There are 2 types of high school available to Vietnamese students in Canada – state schools and private high schools. There is not a huge difference in price and both offer high quality education. All schools offer the Canadian high school curriculum of their province and some may also offer the International Baccalaureate.

It is worth noting that in Quebec province, French is either required to enter the school or a compulsory subject.

1. State High Schools

  1. Available in every town in every province.
  2. Students live with host families.
  3. Very reasonable prices.
  4. High quality of education.
  5. Good, well-rounded social life for international students.


2. Private High Schools

  1. Have a higher number of international students.
  2. May offer boarding or homestay.
  3. May offer extra English language programmes.
  4. May be more expensive than state schools (depending on their region and  the facilities offered) although often the difference is very small.
  5. May offer smaller classes than in state schools.


A “pathway” is a special programme designed for international students to allow them to prepare for and enter mainstream education. In Canada this is still quite a new concept. There are 2 types of pathway programmes: on-campus pathways, offered within universities, and special degree transfer programmes offered by Colleges.

On-Campus Pathways: These are alternative Year One programmes designed for international students who need to improve their English, Study Skills and also sometimes their academics before joining the mainstream Year 2 at a Canadian 4-year university. They are taught on the campus of that university and students then merge with the regular student population in their second year.

Undergraduate pathways can be joined directly by students who have completed 12 years of schooling in their own country.

A few universities also run their own international pathway courses in parallel with the regular programmes, usually through their English Language Institutes.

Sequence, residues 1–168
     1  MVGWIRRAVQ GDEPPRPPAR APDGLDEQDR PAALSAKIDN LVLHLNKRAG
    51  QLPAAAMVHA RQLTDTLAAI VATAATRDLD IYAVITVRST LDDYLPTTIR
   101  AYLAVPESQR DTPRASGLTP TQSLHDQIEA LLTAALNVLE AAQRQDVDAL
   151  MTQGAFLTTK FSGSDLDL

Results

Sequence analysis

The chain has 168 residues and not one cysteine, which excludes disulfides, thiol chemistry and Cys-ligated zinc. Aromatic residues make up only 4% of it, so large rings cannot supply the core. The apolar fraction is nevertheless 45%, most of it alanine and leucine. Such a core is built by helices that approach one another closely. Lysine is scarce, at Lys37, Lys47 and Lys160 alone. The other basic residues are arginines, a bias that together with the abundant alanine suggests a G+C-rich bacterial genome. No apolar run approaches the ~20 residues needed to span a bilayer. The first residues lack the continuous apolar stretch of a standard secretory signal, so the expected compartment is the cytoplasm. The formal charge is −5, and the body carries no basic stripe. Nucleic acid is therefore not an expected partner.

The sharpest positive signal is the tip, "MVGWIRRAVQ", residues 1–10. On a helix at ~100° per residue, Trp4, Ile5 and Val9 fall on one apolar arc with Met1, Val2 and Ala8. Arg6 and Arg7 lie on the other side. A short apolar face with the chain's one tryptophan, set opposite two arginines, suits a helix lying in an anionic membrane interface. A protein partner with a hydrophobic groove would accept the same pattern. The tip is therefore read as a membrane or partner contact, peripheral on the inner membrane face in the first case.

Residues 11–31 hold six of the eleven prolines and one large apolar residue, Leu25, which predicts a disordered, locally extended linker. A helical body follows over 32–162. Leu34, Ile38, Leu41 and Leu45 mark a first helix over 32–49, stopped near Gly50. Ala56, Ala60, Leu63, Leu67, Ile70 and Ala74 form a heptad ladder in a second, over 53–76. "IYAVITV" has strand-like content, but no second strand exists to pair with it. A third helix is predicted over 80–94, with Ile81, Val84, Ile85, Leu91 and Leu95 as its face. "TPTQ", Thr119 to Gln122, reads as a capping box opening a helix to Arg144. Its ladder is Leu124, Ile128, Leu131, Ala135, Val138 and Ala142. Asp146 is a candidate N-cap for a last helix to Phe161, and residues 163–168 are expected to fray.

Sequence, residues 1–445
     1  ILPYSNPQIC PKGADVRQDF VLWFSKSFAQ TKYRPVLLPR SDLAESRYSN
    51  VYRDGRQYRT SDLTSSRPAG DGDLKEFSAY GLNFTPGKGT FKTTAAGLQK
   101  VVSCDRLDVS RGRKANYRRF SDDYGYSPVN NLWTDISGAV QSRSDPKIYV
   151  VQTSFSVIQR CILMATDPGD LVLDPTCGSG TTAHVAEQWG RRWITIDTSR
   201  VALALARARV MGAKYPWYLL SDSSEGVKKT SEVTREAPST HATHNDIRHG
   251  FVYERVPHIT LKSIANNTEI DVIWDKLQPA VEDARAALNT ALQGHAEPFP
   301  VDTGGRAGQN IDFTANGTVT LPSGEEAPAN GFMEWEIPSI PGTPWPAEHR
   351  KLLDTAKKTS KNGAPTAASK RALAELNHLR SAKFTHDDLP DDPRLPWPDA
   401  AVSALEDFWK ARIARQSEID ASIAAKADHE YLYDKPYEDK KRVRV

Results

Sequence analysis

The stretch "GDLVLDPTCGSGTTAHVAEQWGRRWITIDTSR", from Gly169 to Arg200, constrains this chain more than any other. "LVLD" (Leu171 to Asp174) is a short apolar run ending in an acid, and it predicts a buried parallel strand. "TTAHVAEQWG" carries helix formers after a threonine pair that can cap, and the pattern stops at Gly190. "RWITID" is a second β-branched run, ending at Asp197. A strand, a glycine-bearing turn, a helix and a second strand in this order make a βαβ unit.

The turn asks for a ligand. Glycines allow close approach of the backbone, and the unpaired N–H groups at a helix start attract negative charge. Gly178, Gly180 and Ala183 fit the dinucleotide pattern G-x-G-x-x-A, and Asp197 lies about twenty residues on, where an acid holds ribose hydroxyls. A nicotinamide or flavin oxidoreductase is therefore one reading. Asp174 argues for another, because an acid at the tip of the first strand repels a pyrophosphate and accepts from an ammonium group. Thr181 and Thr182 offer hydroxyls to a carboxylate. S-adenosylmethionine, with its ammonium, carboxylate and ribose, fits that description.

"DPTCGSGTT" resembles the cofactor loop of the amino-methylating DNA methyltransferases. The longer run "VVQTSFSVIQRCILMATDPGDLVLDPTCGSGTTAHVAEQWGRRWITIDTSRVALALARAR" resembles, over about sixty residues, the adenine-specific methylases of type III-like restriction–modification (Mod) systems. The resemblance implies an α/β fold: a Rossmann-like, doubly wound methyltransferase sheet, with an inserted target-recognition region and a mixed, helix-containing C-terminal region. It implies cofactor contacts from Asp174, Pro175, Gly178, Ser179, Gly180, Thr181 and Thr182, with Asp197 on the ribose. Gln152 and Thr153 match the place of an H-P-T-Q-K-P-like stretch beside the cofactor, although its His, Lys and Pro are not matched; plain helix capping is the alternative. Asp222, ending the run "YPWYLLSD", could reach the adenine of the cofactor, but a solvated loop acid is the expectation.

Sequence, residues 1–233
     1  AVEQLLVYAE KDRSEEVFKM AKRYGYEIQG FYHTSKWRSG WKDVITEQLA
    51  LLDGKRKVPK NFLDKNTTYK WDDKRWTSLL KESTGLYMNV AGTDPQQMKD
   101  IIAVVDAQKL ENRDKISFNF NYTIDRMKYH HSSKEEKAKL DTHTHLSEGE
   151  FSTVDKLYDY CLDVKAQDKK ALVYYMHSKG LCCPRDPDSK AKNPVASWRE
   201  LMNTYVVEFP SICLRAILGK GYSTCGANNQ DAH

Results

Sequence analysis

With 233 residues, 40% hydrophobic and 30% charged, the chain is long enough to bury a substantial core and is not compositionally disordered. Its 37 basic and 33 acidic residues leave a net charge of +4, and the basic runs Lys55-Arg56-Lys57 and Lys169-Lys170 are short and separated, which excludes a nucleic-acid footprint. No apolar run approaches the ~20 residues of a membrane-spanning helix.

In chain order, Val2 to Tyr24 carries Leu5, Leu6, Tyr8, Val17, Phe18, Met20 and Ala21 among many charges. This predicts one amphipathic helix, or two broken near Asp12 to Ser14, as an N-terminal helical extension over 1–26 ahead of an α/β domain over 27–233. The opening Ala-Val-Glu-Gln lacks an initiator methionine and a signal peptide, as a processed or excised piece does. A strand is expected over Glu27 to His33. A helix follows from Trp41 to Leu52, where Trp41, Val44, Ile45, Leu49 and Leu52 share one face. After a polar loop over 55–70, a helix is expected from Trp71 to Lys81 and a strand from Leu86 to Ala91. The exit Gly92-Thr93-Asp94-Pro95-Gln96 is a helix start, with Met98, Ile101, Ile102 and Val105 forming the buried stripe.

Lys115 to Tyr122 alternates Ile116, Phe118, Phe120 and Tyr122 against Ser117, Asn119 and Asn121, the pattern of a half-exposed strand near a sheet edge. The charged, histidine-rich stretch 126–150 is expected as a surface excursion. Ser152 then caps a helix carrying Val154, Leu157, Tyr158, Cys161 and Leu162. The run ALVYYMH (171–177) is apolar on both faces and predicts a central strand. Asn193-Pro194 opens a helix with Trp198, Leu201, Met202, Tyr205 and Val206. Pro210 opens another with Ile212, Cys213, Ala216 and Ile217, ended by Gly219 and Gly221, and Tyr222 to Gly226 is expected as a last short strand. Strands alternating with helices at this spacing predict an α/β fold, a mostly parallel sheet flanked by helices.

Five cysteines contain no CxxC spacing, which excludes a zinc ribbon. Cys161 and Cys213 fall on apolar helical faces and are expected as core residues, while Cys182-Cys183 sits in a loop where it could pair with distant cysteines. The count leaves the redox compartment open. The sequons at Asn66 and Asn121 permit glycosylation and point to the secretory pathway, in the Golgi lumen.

Pre-sessional English courses are available for all students who do not yet meet the English requirements of their pathway programme.

The main private on-campus pathway provider in Canada is Navitas (at Simon Fraser University, BC and the University of Manitoba) and Study Group has a program at Royal Roads University, BC.

Degree Transfer Programmes:

All state and private Colleges in Canada offer degree transfer programmes. Students can study 1, 2 or 3 years at a College and then transfer to a 4 year university to complete their degree. Colleges tend to have partner universities in their province, but students can also transfer across provinces.

Some Colleges offer their own 4 year degrees, and for subjects such as Hospitality they can also arrange work placements for students.

Colleges offer excellent conditions for Vietnamese students to get the credits they need for even the top 4- year universities, and fees are much lower than university fees.

Quebec Province is an exception - the high school and college systems in Quebec are different to the rest of Canada and follow the French model. Students graduate from high school at the age of 17 and attend 2 years at a CEGEP College before entering a 4 year university degree. Although there may be exceptions, it is much more complicated to transfer into or from Quebec province and each case needs to be considered on its own merits. Quebec province also requires all students to have attained a basic level in French before entering its education system.

Masters Pathways

Some University Language Institutes, Colleges  and private pathway providers also offer a Pre-Masters preparation programme (usually in Business/Management) consisting of English language and Business modules. Students usually need to have completed a first degree in their own country before applying.


Canada has a uniformly excellent quality of higher education which is recognized and respected around the world. Although there are minor differences between the education systems in each province, universities recognize the high school qualifications of other provinces and Canadian students can attend Higher Education in any part of the country.